Subject: on the horizon -- broadband filesystems v. distributions
From: Tom Lord <lord@emf.net>
Date: Tue, 29 Oct 2002 11:02:39 -0800 (PST)


What impact will broadband have on distributions?  or on the P.C., for
that matter?  Surely it will be larger than "I can get my ISO images
20 times faster."  Any bets on whether or not broadband deployment
becomes the new WPA?

Personally, I think file systems like AFS or Coda will change what
people buy and how they maintain their systems -- it'll be a big
economic shift.  It'll fix a lot of problems and there's a
decades-long history of this being a low-cost and featureful approach
to supporting lots and lots of seats.  Buying a computer will be 
a lot more like buying a telephone.

But: 

	* Will there be mom 'n pop providers or will it be just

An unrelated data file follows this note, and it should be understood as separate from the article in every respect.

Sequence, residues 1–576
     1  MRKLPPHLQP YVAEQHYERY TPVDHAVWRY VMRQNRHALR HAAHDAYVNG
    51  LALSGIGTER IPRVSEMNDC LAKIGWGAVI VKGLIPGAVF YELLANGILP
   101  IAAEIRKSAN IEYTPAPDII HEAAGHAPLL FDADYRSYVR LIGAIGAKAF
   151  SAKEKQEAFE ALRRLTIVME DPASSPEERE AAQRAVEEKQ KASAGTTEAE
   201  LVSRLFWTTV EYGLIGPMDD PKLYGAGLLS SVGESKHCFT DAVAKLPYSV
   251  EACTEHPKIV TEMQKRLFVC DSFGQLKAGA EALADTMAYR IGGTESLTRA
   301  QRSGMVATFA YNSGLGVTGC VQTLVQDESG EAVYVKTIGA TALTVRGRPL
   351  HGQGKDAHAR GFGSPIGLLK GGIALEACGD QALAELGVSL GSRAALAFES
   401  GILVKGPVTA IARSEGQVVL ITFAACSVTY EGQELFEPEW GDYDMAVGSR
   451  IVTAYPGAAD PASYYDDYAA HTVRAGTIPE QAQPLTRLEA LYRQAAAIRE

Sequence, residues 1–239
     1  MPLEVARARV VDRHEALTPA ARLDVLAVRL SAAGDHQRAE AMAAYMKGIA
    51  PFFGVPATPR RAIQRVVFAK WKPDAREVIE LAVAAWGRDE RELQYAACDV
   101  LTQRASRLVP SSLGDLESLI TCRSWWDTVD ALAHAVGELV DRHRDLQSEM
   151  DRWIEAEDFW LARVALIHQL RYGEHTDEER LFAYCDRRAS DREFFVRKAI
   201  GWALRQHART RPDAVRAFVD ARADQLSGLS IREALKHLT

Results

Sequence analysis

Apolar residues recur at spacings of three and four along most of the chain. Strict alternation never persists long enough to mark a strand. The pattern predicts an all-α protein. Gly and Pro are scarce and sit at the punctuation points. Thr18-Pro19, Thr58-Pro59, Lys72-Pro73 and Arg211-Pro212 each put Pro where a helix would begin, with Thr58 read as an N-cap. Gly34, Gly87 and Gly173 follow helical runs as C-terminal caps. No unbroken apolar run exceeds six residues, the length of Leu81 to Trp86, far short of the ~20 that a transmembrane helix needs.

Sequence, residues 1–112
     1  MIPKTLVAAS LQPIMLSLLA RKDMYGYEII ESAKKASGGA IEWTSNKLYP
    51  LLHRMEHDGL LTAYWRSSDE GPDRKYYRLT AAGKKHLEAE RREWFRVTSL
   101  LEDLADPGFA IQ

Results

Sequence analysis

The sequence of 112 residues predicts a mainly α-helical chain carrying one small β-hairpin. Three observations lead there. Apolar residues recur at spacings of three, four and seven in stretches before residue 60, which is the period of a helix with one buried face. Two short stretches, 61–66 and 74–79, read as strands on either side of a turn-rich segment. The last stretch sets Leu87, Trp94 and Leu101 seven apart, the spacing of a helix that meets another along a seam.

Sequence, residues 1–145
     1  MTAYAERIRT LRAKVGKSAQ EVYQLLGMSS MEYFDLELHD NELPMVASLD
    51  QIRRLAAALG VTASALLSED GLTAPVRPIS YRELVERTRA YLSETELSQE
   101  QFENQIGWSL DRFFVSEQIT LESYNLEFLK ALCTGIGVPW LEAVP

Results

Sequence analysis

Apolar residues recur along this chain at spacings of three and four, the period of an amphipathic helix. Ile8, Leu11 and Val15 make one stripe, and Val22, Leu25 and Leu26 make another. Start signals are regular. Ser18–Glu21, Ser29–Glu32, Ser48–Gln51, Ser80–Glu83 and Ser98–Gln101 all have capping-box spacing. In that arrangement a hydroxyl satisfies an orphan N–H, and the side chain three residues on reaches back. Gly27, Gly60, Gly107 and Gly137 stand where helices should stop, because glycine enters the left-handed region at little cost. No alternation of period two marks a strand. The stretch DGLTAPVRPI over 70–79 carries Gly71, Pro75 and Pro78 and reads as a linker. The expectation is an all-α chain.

cable-co's and AOL?  

	* Will the global filesystem namespace be territorial in the
	  manner of domain names?  Or will Plan-9ish directory views
	  bring namespace relativity to the rescue?  

	* Will we see a short-circuit of the path from maintainer
	  sources to user binaries when projects can get their own
	  user-visible $X/bin dirs?  In other words, what happens when
	  deployment to users becomes a matter of saying "Add this
	  directory to your $PATH".

	* What'll happen to the server market?  Whither the unix
          vendors?  

	* Will there be booths in every airport where, instead of 
	  just a fax machine and phone-line, there's a little client
	  you can use to log in to your universal account?  Or better: 
	  on every train?

	* How and how well will customer-specific customization be
          supported?

	* Will some universities, who have managed this kind of
          environment for quite a while, cut out the middleman and
	  go back to taking the R&D profit directly?

	* In short: What work will be left for publicly traded FSBs to
          do?


Conversation, contradiction, criticism,
-t